A Perfect Match: Fast and Truly Random Copolymerization of Glycidyl Ether Monomers to Thermoresponsive Copolymers

Silke Heinen, Simon Rackow, Andreas Schäfer, Marie Weinhart

ACS | 2016-12-23

Macromolecules, 2017, 50 (1), 44–53.

Full TextSupporting Information

Thermoresponsive and highly biocompatible poly(glycidyl ether) copolymers of glycidyl methyl ether (GME) and ethyl glycidyl ether (EGE) with adjustable molecular weight and defined end groups are synthesized by a monomer-activated anionic ring-opening polymerization with NOct4Br as initiator and i-Bu3Al as activator. In contrast to a conventional oxyanionic (nonactivated) copolymerization, higher molecular weights and a truly random incorporation of the monomers are accomplished. The monomer reactivity ratios were determined by the Kelen–Tüdõs approach to be rGME = 0.98 and rEGE = 0.95. The thermoresponsive properties of these copolymers with varying molecular weight were characterized by UV–vis transmittance and dynamic light scattering. Conformational changes of the copolymer during the phase transition on the molecular level were studied by 1H and 13C NMR spectroscopy in D2O and revealed only a partial dehydration during the collapse of the copolymer affecting both side chains and polymer backbone.

Reversible hemostatic properties of sulfabetaine/quaternary ammonium modified hyperbranched polyglycerol

Jiying Wen, Marie Weinhart, Benjamin F. Lai, Jayachandran Kizhakkedathu, Donald E. Brooks

Elsevier | 2016-02-02

Biomaterials, 2016, 86, 42–55.

Full Text

A library of hyperbranched polyglycerols (HPGs) functionalized with different mole fractions of zwitterionic sulfabetaine and cationic quaternary ammonium ligands was synthesized and characterized. A post-polymerization method was employed that utilized double bond moieties on the dendritic HPG for the coupling of thiol-terminated ligands via UV initiated thiol-ene “click” chemistry. The proportions of different ligands were precisely controlled by varying the ligand concentration during the irradiation process. The effect of the polymer library on hemostasis was investigated using whole human blood. It was found that polymer with ≥40% of alkenes converted to positive charges and the remainder to sulfabetaines caused hemagglutination at ≥1 mg/mL, without causing red blood cell lysis. The quaternary ammonium groups can interact with the negative charged sites on the membranes of erythrocytes, which provides the bioadhesion. The zwitterionic sulfabetaine evidently provides a hydration layer to partially mask the adverse effects that are likely to be caused by cationic moieties. The polymer was also found able to enhance platelet aggregation and activation in a concentration and positive charge density-dependent manner, which would contribute to initiating hemostasis. In a variety of other assays the material was found to be largely biocompatible. The polymer-induced hemostasis is obtained by a process independent of the normal blood clotting cascade but dependent on red blood cell agglutination, where the polymers promote hemostasis by linking erythrocytes together to form a lattice to entrap the cells.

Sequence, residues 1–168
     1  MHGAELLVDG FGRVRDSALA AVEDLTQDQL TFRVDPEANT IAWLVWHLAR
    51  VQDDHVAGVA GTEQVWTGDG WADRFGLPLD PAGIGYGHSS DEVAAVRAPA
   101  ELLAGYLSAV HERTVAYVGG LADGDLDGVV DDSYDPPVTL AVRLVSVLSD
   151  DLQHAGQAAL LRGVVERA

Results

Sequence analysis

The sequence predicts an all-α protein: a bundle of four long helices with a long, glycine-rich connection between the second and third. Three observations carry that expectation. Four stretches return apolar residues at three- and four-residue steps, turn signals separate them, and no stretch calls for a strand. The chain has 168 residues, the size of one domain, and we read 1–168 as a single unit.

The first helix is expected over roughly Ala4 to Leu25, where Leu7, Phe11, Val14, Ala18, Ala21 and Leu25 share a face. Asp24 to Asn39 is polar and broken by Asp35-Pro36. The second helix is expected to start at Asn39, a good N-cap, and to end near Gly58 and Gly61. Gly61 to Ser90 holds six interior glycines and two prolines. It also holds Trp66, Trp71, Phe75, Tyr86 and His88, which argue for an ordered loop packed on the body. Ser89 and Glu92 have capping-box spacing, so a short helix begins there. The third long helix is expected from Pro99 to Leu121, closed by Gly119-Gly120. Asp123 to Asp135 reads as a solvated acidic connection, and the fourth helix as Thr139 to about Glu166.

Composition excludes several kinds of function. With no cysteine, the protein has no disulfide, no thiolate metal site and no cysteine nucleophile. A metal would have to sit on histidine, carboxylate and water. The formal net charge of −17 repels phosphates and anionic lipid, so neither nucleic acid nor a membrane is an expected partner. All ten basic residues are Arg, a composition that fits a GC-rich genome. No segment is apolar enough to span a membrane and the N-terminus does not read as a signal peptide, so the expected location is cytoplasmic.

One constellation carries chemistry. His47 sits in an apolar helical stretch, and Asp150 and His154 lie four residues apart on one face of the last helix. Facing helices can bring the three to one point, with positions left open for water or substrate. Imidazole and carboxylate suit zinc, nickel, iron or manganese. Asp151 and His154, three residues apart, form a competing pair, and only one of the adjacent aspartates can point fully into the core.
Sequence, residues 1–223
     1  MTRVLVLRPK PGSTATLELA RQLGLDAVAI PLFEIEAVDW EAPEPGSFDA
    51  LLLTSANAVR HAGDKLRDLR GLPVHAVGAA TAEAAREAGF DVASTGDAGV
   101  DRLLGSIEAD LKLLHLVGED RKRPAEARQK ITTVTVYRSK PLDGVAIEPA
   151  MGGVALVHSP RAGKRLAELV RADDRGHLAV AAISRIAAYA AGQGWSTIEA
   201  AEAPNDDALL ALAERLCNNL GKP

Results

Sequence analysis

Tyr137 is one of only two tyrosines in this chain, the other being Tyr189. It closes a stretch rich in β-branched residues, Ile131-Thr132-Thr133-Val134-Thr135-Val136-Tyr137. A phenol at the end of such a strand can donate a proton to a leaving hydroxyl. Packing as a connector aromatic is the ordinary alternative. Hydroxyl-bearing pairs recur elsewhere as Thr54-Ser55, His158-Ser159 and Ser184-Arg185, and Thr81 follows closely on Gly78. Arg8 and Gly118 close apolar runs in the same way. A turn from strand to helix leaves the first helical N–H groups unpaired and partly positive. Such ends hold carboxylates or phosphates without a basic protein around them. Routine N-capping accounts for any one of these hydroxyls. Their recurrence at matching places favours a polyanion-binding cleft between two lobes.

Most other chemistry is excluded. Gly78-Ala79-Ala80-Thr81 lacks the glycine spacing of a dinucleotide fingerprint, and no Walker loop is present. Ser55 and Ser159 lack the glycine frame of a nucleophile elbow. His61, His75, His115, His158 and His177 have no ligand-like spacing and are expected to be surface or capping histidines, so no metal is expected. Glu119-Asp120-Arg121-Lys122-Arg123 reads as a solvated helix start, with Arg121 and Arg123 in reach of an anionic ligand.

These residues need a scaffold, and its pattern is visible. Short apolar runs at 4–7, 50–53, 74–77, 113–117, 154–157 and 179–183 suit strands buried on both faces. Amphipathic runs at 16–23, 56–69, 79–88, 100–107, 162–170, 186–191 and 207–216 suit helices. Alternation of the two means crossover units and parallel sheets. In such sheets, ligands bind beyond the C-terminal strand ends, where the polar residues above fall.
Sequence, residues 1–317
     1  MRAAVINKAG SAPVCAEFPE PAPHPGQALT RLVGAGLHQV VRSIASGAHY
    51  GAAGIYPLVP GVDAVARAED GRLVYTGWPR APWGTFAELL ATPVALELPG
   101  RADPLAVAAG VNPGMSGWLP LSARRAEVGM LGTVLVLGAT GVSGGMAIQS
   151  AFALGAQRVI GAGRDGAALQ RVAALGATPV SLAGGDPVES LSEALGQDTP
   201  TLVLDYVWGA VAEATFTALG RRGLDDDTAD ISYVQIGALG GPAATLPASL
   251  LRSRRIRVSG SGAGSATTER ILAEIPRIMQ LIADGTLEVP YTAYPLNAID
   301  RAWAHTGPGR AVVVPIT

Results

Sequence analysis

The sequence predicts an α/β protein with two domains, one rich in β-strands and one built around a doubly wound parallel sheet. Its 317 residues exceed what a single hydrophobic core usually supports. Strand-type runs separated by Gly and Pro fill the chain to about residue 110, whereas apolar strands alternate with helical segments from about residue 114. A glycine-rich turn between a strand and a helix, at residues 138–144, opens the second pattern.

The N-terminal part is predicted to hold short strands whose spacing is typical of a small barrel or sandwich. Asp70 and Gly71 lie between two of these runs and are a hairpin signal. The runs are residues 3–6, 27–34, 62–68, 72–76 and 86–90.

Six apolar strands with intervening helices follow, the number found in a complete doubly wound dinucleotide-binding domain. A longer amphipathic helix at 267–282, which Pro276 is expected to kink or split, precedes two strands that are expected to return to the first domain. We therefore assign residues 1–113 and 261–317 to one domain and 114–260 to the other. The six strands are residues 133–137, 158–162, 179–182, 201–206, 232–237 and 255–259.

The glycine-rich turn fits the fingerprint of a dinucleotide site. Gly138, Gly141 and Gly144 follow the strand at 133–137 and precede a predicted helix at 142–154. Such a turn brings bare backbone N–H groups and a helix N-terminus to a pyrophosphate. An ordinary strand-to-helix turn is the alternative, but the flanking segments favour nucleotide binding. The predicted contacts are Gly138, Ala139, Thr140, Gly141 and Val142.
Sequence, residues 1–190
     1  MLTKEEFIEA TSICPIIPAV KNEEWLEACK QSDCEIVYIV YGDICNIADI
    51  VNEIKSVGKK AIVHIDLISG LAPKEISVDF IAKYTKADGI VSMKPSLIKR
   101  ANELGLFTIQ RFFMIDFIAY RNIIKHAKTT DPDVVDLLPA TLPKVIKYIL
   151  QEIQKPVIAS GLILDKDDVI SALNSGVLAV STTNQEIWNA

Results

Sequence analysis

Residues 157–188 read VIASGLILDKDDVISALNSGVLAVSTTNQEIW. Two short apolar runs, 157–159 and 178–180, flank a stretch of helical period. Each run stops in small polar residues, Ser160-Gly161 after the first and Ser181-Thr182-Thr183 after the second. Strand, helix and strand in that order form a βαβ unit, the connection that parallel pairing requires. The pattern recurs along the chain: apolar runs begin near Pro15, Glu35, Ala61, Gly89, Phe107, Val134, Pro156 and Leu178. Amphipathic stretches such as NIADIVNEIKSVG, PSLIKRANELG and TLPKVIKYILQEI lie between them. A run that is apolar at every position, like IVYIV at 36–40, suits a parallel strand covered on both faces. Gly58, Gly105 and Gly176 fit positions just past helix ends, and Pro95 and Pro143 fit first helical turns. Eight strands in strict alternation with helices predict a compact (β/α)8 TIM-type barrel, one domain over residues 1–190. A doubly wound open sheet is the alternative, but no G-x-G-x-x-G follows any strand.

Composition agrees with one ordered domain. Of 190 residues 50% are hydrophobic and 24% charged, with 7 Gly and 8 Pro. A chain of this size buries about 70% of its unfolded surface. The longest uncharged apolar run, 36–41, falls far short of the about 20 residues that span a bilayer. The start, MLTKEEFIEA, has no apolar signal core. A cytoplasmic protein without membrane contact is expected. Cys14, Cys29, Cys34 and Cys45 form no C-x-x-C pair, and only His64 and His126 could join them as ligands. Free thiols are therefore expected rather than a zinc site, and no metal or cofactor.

Biocompatible fluorinated polyglycerols for droplet microfluidics as an alternative to PEG-based copolymer surfactants

Olaf Wagner, Julian Thiele, Marie Weinhart, Linas Mazutis, David A. Weitz, Wilhelm T. S. Huck, Rainer Haag

RSC | 2015-11-24

Lab Chip, 2016,16, 65-69

Full TextSupporting InformationSupplementary Movie

In droplet-based microfluidics, non-ionic, high-molecular weight surfactants are required to stabilize droplet interfaces. One of the most common structures that imparts stability as well as biocompatibility to water-in-oil droplets is a triblock copolymer surfactant composed of perfluoropolyether (PFPE) and polyethylene glycol (PEG) blocks. However, the fast growing applications of microdroplets in biology would benefit from a larger choice of specialized surfactants. PEG as a hydrophilic moiety, however, is a very limited tool in surfactant modification as one can only vary the molecular weight and chain-end functionalization. In contrast, linear polyglycerol offers further side-chain functionalization to create custom-tailored, biocompatible droplet interfaces. Herein, we describe the synthesis and characterization of polyglycerol-based triblock surfactants with tailored side-chain composition, and exemplify their application in cell encapsulation and in vitro gene expression studies in droplet-based microfluidics.

Dendritic polyglycerol sulfate inhibits microglial activation and reduces hippocampal CA1 dendritic spine morphology deficits

Dusica Maysinger, Dominic Gröger, Andrew Lake, Kai Licha, Marie Weinhart, Philip K.-Y. Chang, Rose Mulvey, Rainer Haag, R. Anne McKinney